Reform taxes, don’t hike them

Posted on January 20, 2015 in Governance Debates – FP Comment
January 20, 2015.    Jack M. Mintz

The 2009 Ontario budget was an inspired package – McGuinty’s most important policy reform

With falling commodity prices, the last thing our resource-based economy needs is new taxes to grease governments’ spending wheels. Yet we are hearing about carbon taxes in Ontario, income tax hikes in New Brunswick and sales taxes and health premiums in Alberta as provinces deal with their on-going deficits.

We should instead focus on economic growth. In the past year, not just oil prices dropped (by over 50 percent) but also agriculture raw materials (7.5 percent), mining (17.5 percent) and industrial inputs (7.5 percent). Canada’s plodding growth rate of 2.4 percent in 2014 is now marked down to as low as 1.8 percent for 2015 by some forecasters.

The federal government gets it. Joe Oliver, Minister of Finance, made clear that the upcoming April budget would not include tax hikes. Instead, the federal family tax cuts will start being paid out to Canadians, well timed to offset any potential slowdown in economic growth due to low commodity prices.

It is one thing to raise taxes or cut spending to deal with so-called structural deficits (these deficits don’t disappear even in the good times). It is another to push for higher taxes or less spending to reduce the “cyclical” deficit when an economy is entering a slowdown.

Many Canadian provinces face both types of deficits – an on-going structural deficit that had not been dealt with since 2009 and a potential cyclical deficit due to falling resource prices. While the overall Canadian economy won’t be severely hit by the commodity “de-boom,” the resource-intensive regions will surely feel the pinch.

The structural deficits, such as the one in Alberta and Ontario, are best dealt with through fiscal reforms that make government spending more effective and reduce the economic costs of raising taxes. When economic trouble is on the horizon, cyclical deficits have to be tolerated. However, a crisis should not be wasted if substantial program spending and tax reforms are to be adopted to put the economy on a better track for the long run.

The UK government figured this out in the height of the 2008 global recession. The government cut the 17.5 percent VAT rate initially to help buoy the economy although subsequently it raised the rate to 20 percent when the economy was recovering. It did increase the top personal income tax to 50 percent in 2010 but later reduced it to 45 percent by 2013. Given consumption taxes are less harmful to an economy, the shift to the VAT from the income tax by 2014 was wise.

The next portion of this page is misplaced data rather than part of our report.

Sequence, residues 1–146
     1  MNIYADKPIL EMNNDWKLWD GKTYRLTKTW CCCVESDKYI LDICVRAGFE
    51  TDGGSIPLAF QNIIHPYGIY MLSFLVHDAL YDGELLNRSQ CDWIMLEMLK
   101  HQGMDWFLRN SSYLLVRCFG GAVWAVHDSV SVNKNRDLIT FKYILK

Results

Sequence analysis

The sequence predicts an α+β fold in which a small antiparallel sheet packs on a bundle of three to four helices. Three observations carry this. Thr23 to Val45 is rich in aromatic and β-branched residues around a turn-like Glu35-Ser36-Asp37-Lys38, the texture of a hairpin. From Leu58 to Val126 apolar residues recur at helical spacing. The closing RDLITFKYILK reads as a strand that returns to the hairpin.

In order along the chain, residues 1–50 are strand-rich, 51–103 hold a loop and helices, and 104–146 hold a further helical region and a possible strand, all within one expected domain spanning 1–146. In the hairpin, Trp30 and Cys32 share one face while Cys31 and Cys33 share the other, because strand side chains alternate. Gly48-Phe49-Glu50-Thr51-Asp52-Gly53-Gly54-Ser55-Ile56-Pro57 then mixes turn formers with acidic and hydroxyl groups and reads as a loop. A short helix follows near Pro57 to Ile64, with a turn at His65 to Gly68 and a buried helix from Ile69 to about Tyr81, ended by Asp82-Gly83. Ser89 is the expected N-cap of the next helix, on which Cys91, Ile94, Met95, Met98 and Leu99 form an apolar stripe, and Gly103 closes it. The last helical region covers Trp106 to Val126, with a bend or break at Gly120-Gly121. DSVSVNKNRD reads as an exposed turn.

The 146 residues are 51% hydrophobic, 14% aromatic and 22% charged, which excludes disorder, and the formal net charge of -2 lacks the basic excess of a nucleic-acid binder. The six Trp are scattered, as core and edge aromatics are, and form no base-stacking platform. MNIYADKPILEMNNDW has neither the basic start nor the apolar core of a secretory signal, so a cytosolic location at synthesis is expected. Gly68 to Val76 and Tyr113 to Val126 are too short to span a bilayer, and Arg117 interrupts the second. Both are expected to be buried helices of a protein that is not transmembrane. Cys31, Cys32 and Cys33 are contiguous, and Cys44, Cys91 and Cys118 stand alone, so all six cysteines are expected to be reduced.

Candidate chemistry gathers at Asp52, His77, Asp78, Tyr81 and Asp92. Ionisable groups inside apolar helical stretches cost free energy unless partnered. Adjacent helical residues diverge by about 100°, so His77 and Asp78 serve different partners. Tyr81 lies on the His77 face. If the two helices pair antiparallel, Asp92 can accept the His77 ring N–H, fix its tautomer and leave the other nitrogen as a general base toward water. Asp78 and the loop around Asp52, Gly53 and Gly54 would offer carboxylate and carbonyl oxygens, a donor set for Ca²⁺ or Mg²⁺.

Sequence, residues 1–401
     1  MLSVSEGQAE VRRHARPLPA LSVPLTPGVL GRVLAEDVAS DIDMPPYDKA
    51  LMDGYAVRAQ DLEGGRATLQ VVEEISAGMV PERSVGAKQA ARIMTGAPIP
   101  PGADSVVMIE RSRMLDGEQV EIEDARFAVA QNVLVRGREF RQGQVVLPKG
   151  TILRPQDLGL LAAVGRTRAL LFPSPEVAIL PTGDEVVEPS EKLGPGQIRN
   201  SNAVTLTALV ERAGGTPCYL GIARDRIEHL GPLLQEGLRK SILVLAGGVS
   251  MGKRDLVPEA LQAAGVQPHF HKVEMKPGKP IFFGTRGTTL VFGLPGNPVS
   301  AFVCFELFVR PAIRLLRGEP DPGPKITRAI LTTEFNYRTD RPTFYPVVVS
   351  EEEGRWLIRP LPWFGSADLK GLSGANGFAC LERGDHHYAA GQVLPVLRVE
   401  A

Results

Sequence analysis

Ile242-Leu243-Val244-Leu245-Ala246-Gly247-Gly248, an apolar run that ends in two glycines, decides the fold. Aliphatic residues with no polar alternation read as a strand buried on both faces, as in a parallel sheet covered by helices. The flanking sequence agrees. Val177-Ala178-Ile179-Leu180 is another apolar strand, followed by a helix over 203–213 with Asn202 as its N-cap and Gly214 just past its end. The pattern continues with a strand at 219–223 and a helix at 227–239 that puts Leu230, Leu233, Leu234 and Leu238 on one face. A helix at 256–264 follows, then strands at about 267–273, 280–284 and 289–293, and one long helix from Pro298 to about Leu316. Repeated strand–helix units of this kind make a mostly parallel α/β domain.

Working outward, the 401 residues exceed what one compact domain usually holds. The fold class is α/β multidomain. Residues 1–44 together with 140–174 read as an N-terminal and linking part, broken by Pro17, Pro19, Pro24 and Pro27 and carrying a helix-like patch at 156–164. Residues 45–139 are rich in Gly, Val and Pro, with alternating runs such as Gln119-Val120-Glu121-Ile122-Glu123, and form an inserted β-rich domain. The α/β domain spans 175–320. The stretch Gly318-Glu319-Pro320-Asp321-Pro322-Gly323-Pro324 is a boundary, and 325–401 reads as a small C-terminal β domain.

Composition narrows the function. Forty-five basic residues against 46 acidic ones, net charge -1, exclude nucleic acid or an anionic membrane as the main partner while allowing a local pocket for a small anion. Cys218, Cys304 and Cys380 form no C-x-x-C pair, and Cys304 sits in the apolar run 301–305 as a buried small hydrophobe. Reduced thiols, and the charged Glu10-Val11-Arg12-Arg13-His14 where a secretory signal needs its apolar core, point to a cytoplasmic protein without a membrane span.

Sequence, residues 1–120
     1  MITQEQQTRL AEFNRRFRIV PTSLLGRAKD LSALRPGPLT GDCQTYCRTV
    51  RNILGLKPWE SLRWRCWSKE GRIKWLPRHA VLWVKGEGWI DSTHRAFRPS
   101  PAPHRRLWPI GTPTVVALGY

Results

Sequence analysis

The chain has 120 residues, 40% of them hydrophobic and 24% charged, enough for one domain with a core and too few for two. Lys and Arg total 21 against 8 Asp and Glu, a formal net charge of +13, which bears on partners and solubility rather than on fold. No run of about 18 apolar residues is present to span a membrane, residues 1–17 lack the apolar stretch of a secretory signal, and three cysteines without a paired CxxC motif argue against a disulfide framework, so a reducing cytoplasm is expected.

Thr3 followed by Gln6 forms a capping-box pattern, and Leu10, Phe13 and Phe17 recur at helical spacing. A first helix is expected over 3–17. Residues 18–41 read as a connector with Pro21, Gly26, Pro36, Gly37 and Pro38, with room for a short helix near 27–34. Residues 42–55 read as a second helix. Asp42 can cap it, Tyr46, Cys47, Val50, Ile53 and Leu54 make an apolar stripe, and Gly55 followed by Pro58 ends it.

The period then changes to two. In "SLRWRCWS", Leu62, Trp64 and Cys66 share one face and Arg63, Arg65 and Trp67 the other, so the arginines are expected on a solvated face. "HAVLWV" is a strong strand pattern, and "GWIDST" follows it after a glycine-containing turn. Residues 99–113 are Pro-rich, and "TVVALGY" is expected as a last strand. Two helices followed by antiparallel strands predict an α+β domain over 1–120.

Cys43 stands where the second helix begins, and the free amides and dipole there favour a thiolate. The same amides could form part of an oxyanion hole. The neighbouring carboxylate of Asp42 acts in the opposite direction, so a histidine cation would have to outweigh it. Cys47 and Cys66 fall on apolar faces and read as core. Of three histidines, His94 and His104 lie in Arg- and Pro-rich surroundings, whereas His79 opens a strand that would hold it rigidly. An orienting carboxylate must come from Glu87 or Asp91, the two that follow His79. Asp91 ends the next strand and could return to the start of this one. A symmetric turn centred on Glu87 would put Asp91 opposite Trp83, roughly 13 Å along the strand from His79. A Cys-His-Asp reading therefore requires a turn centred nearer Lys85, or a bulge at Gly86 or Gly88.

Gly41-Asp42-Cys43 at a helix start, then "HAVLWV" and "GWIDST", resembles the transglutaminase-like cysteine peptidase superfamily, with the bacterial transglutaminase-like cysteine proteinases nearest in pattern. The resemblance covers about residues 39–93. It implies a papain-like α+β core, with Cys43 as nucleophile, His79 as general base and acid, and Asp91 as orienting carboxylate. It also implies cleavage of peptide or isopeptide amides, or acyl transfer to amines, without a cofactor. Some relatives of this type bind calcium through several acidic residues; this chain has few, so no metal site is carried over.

Corporate tax reform has also been adopted with an intent to grow the economy. The UK has aggressively reduced its corporate income tax rate from 28 percent in 2011 to 21 percent today (still to fall to 20 percent in 2015). To make up for any revenue loss, the UK has reduced tax preferences, including abolishing the low rate for small business and increasing its rent-based taxes on the oil and gas sector.

It wouldn’t be wrong for provincial governments to think of tax reform, not tax hikes, as a means to help grow the economy at a time of economic stress. Dalton McGuinty figured this out in Ontario when the 2008 global recession was creating havoc for the province. Instead of raising taxes as the Ontario deficit grew, he looked to establish a more competitive tax regime.

McGuinty took on the politically risky strategy of replacing the 8 percent retail sales tax with a provincial tax harmonized with the federal GST. He coupled this with a reduction in corporate income tax to 10 percent and provincial tax reductions on the basis that the overall reform would be revenue-neutral. The HST was a far better tax than the old provincial sales tax since it led to the removal of most sales taxes on business costs. This made Ontario businesses including manufacturing more competitive in export markets as well as reducing substantially the tax on capital investments.

The 2009 Ontario budget was an inspired package – it was McGuinty’s most important policy reform that will help Ontario in the coming years. A blight on this record was a retraction of some legislated corporate tax reductions soon afterwards. So much for the promise of revenue-neutrality – such actions create distrust in governments and make smart revenue-neutral tax reforms harder to implement.

The left-wing Wynne government has adopted or is proposing major new taxes. Ontario has returned to almost 50 percent top tax rates on incomes above $150,000 and raised the aviation fuel excise tax in its last budget. It is now considering a carbon tax, corporate tax increases and an unnecessary new payroll tax to fund future pension benefits.

An explosion in new taxes will do little for economic growth. Premier Wynne should take a leaf from her neighbour in Quebec where Premier Couillard is reducing the structural deficit with expenditure and tax reforms. Spending is being cut by $2.7-billion this year by freezing staff levels and reducing administrative costs, with more to come with spending reforms. Some tax increases are being imposed. Less sensible is a temporary tax on financial institutions (a favourite whipping boy for governments). On the other hand, the union fee tax credit is reduced from 20 to 10 percent, a good idea given that strike pay is not taxable.

Deficit-plagued governments need an agenda of spending and tax reforms. Just hiking taxes won’t help grow their economies.

Jack M. Mintz is the Palmer Chair, School of Public Policy, University of Calgary.

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